Not long into my newfound bliss however, I found myself staring at yet another double puncture. It looked as though a sharp object had gone straight through my tube and pierced both sides! I patched it up, but the holes were too big... "what did I run over!?" I ended up changing the tube altogether, and it wasn't until I was about to get back on the road that I realised what had happened. I had snapped a spoke, and the end of the spoke went through my tube. Whoops! "I'll have to remember to fix that later..."

While I was on the side of the road changing my tube a guy stopped and asked if I needed a hand. It has only happened a few times so far, but I never know what to say. "Have you got a spare spoke... or a muesli bar?" haha. I can imagine the blank face staring back at me, so I usually just say "I'm fine thanks, just stretching" and let them go on their way.

With such a slow morning, I had decided that I would camp somewhere between Renmark and Morgan, and had the perfect location appear before me in the form of Pooginook Conservation Park. There weren't any signs to say I could camp there, but then again there weren't any to say I couldn't, so I found a space amongst the trees about 400m from Mr Goyder and set up camp.

I had such a great spot, and felt bad for every person in the world who spent time in an office that day. I cooked some dinner in the last of the sun, and then sat up and watched the stars come out. I got up once in the middle of the night to use my sizeable ensuite, and found myself gazing into the clear night for some time. The only other occurance that night happened when I was asleep and drowsy, and that was that a car drove up past my camp site, stopped, and a torch shone on my tent. I was too tired to realise what was happening in the moment, but awake enough to know it wasn't a dream. Anyway, whoever the mystery people were, they didn't cook me any breakfast, so I was left to do that myself when the sun came back around.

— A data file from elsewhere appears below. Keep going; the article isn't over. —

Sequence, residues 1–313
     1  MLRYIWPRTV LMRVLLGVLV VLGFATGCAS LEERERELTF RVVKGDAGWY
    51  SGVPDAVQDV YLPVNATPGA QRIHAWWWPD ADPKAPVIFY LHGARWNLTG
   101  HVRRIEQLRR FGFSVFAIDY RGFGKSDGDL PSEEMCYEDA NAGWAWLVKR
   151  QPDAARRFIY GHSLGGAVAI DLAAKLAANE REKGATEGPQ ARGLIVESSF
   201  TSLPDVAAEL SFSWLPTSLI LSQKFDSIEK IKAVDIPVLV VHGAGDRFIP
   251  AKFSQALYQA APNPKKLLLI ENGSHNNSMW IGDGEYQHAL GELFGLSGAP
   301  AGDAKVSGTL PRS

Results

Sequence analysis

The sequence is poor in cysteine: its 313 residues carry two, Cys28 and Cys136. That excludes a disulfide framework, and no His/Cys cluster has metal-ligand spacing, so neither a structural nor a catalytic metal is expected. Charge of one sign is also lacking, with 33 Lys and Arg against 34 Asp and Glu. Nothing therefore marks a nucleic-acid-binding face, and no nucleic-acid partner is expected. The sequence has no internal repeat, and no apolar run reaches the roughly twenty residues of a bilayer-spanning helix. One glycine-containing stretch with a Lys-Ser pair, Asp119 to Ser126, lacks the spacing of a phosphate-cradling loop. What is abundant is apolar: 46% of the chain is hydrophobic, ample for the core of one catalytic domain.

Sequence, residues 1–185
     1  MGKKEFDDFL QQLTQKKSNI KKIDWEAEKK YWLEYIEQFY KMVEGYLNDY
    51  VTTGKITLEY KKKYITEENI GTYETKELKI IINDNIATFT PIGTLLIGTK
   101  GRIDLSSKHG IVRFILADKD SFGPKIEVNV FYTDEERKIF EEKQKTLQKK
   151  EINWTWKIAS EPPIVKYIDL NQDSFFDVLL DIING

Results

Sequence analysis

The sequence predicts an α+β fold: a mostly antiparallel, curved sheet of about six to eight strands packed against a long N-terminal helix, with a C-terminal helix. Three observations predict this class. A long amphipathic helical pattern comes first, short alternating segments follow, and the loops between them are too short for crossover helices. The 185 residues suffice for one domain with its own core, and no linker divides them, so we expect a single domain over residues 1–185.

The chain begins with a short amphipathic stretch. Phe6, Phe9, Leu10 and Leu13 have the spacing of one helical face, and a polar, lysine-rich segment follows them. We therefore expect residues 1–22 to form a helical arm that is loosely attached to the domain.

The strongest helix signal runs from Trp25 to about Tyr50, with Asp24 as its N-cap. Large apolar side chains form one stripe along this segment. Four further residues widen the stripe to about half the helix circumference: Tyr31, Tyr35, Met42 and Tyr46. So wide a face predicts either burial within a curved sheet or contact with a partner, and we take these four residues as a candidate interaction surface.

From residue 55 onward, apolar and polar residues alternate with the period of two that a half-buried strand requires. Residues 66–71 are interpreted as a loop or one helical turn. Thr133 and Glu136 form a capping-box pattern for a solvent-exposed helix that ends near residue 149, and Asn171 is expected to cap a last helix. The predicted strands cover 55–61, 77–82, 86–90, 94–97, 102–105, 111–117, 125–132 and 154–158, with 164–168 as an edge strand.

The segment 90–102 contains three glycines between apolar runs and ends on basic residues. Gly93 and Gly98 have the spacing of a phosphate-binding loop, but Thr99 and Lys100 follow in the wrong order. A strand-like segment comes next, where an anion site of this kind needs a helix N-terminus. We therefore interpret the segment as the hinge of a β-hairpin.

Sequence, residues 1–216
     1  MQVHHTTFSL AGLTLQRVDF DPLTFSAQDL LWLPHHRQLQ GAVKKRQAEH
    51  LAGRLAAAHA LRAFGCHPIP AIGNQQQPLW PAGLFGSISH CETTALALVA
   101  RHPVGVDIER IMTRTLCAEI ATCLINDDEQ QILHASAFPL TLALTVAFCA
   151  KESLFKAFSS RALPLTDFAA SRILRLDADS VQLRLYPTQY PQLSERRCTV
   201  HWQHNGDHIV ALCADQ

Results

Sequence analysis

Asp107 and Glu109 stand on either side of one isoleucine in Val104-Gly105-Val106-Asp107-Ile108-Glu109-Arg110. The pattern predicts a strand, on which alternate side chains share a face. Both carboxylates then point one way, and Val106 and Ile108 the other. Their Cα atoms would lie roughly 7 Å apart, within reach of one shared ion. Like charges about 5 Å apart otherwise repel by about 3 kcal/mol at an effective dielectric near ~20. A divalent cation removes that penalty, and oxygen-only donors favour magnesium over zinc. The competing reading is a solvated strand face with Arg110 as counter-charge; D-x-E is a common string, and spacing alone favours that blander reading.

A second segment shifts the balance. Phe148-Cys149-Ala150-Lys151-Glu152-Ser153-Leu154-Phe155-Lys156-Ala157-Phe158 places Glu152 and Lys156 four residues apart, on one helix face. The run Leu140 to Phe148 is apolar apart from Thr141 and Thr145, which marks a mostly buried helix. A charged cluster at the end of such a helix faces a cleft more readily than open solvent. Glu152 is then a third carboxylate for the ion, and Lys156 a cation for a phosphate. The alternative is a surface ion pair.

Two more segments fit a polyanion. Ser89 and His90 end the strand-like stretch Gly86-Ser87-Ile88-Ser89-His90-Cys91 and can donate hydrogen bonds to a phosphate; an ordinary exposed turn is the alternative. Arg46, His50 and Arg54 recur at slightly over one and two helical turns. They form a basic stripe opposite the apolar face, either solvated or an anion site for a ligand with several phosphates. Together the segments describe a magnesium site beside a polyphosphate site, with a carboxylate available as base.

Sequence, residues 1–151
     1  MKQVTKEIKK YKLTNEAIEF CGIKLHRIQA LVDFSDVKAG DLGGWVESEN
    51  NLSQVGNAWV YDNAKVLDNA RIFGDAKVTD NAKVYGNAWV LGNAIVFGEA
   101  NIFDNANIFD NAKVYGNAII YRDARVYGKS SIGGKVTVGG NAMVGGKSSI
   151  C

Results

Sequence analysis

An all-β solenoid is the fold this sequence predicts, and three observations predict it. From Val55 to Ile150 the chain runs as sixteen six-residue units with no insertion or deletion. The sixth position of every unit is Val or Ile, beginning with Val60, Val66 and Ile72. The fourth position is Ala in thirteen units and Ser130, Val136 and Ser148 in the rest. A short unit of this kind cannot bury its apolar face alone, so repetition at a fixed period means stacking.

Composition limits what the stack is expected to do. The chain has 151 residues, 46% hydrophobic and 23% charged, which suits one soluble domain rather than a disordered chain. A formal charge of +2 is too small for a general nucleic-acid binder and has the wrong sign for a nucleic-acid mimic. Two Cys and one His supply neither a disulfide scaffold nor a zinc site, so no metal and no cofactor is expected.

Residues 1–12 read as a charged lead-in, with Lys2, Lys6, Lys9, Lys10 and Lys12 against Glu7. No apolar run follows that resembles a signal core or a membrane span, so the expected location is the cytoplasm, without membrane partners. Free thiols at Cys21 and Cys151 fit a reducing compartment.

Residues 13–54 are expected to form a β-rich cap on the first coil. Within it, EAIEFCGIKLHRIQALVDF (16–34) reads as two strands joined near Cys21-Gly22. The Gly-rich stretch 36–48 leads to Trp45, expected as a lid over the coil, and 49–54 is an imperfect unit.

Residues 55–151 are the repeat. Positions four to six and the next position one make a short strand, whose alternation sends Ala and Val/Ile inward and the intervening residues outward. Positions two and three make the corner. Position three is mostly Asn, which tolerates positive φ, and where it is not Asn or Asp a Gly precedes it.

Camping night number 2: another screaming success!

(above: sunset at the sand dunes just outside Mildura... late addition)

Out of touch

Hey guys, my bad for being super slack on the whole 'keeping you updated' business. Internet access has been scarce at best, and I've also been putting a lot of effort into eating recently. Boo ya! It's almost as if I'm doing a steak and chicken parmie tour of Australia, and I'm pleased to tell you, that the pub fare so far had been delightful.

I left Mildura on a massive high, and even though the 144km to Renmark was my biggest day yet, I found myself recalling jokes and laughs from the weekend, and made great progress without feeling it. It was my only day of cycling in Victoria, and I was provided with fine weather and some great views along the way.

(above: some of the great scenery; rainbow out of cloud)

I did get jammed with a double puncture, that had me munching on my scroggin just 20km out of Mildura, and as tempting as it was to turn back, I have become somewhat of a pro changing and patching tubes, so wasn't delayed for very long.

The other thing to note on this journey of course, is that I crossed into my third state, and was welcomed to South Australia by having all of my fresh fruit and veg taken off me. I did manage to eat my banana there and then, and somehow a delicious avocado slipped through (my bad), so all in all it wasn't that bad, especially considering that Renmark is not far on the other side of the border. It did cross my mind that I could hang out a bit before the border and ask for fruit donations off all the passing tourists, but the sun was low and I was eager to get to my destination. On a side note, wouldn't it make sense to set up a donation table, so that vehicles coming out of South Australia (or any 'no fruit zone') could pick up the fresh fruit surrendered by those going in??

The ride from the day must have taken more out of me than I thought, because I struggled to lift my cutlery at dinner, and then crashed soon after. The next morning I found that Renmark is a nice town, with a great river front.

(above: Riverfront in Renmark)

(above: River front in Gol Gol - Mildura's NSW sister town)

I slept in and had a slow breakfast at a bakery around the corner from my accommodation, before stocking up on fresh fruit and anti-inflammatories. Next stop?